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Women and Orgasm: Facts About the Female Climax

The female orgasm continues to be the subject of intense scientific interest. Doctors puzzle over the different means by which women can achieve orgasm and what can prevent orgasm in women.

Orgasm in Women: What Exactly Happens?When women climax, "there are changes throughout the whole body, a head-to-toe experience," says Michael Ingber, MD, a physician in urology and female pelvic medicine and reconstructive surgery at Garden State Urology in New Jersey, and a fellow of the International Society for the Study of Women’s Sexual Health.

RELATED: Healthy Sex: The Ultimate Guide

How Women Achieve OrgasmOne of the ways that women experience orgasm is through a goal-oriented four-step process first described by sex researchers William Masters and Virginia Johnson decades ago.[1]Excitement In a state of desire or arousal, the woman initiates or agrees to sex, and as it commences, she finds herself focusing mainly on sexual stimuli. Blood begins to engorge the clitoris, vagina, and nipples, and creates a full-body sexual blush. Heart rate and blood pressure increase. Testosterone and neurotransmitters such as dopamine and serotonin are involved in these processes, says Dr. Ingber.Plateau Sexual tension builds as a precursor to orgasm. The outer one-third of the vagina becomes particularly engorged with blood, creating what researchers refer to as the "orgasmic platform." Focus on sexual stimuli drowns out all other sensations. Heart rate, blood pressure, and respiration continue to increase.Orgasm A series of rhythmic contractions occur in the uterus, vagina, and pelvic floor muscles. The sexual tension caused by lovemaking or self-stimulation releases, and muscles throughout the body may contract. A feeling of warmth usually emanates from the pelvis and spreads throughout the entire body.Resolution The body relaxes, with blood flowing away from the engorged sexual organs. Heart rate, blood pressure, and respiration return to normal.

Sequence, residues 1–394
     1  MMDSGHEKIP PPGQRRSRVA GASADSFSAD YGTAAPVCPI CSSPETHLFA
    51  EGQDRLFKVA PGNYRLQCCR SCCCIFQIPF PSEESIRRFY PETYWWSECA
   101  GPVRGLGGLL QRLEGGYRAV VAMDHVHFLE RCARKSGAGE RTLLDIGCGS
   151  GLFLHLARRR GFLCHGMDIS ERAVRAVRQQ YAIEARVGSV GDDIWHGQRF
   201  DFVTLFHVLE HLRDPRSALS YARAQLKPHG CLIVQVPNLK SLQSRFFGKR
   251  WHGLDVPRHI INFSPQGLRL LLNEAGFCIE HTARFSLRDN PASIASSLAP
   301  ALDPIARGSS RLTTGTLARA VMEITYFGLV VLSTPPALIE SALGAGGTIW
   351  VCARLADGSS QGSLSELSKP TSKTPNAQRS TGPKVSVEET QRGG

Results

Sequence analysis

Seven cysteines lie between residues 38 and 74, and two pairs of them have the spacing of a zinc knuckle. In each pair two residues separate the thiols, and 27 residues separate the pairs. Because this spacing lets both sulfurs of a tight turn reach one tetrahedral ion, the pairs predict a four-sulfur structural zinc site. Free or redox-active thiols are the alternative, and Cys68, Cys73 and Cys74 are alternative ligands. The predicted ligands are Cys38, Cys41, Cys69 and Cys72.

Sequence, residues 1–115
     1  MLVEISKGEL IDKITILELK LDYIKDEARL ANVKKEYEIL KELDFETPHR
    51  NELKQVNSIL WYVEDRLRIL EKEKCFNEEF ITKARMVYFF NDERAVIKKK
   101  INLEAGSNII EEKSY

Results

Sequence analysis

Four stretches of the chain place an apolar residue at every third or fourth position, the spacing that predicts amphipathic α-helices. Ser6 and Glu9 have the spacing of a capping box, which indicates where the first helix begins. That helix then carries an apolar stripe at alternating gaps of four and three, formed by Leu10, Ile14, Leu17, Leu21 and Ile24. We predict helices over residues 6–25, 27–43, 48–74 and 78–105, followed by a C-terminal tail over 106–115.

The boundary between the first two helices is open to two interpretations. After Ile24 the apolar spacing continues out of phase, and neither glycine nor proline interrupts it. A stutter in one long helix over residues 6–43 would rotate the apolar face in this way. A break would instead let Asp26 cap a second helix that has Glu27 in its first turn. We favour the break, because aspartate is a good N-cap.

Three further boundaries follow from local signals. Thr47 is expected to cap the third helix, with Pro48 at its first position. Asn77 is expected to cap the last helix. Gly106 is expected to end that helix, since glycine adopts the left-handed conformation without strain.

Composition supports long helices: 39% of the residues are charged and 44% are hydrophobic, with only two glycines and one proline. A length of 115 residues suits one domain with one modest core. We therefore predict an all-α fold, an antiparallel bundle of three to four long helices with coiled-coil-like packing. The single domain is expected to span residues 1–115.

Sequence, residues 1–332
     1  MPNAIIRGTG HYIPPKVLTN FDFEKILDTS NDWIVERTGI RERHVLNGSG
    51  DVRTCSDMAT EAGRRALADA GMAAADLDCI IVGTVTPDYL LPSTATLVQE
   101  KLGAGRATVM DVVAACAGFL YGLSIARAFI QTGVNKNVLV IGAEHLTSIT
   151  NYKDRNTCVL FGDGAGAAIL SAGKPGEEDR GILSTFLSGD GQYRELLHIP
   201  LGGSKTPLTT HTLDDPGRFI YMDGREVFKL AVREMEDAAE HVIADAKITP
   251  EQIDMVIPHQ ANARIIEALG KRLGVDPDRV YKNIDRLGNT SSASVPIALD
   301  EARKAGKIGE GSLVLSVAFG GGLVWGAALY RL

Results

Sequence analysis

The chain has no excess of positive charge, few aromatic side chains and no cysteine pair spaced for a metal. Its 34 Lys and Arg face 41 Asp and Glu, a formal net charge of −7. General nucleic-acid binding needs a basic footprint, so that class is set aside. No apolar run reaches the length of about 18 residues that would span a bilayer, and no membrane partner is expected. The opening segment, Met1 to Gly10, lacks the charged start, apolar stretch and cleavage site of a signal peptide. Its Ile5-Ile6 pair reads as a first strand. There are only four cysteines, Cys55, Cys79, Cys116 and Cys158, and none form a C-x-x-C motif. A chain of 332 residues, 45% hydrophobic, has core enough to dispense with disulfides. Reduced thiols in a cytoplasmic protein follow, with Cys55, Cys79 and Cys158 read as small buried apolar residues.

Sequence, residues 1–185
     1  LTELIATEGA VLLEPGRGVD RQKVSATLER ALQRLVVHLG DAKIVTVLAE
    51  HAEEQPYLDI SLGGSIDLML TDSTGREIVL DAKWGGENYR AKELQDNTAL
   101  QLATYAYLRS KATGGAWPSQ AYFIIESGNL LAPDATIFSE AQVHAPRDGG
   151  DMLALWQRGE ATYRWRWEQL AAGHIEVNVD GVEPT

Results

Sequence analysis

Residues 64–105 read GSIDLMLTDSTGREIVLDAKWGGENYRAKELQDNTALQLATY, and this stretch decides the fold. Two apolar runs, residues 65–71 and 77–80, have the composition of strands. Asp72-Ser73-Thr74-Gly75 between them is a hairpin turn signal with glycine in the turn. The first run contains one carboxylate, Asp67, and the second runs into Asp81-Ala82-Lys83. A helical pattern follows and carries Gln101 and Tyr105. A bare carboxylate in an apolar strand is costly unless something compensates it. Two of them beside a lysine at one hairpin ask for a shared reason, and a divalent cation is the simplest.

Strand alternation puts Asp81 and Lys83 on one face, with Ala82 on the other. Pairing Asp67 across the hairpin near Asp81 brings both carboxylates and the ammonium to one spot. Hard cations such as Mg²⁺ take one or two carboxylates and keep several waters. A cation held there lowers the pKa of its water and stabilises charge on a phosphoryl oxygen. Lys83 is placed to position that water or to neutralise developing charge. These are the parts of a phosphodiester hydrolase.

The Orgasm GapWhile researchers have carefully studied what happens to women during orgasm, they have also taken note that women do not have orgasms as often as men do in heterosexual sexual encounters. This is known as the “orgasm gap” and is a well-documented phenomenon among those who study sexuality.[2] However, a recent study by doctoral student Grace Wetzel showed that women who don’t have orgasms begin to believe that they are not going to have them and then indeed have fewer of them. This self-fulfilling sexual prophecy leads them to not prioritize their orgasms, which may make their sex lives less satisfying.[3]“The more orgasms that you have in your relationship, the more you expect to have and the more you want or desire them in that relationship,” Wetzel says. “The lower frequency of the orgasm gap disadvantages women, which may explain why women devalue orgasms. And that’s significant because if they place less emphasis on the orgasm, then they’ll have less pleasure. And if they continue to orgasm less and expect less, then the cycle will perpetuate.” As orgasm is one of the biggest predictors of sexual satisfaction and consequently a satisfactory relationship, Wetzel says, “there are benefits to working on this within people’s relationships.”

How do you close the orgasm gap? You need to emphasize sexual communication between partners,[4] prioritize clitoral stimulation for couples,[5] and de-emphasize the idea that biology stands in the way of a woman’s climax. “It’s not that women are difficult to bring to orgasm,” Wetzel says, adding that there’s nothing about their anatomy, genetics, or hormones that keeps women from orgasms — most women are able to have orgasms when they masturbate. Women should take the technique that works best for them in masturbation and bring that to their partnered sex.

Different Types of Stimulation, Different Types of OrgasmWomen’s bodies are capable of experiencing orgasm in more ways than one. The most common type is a clitoral orgasm, says Ingber.

Clitoral stimulation has proved the surest route to orgasm. "I think that clitoral stimulation [produces] probably the closest analogue to male orgasm, where you get erectile tissue, there is release, and after release, it is uncomfortable to continue," says Steven R. Goldstein, MD, a professor of obstetrics and gynecology at the New York University Grossman School of Medicine.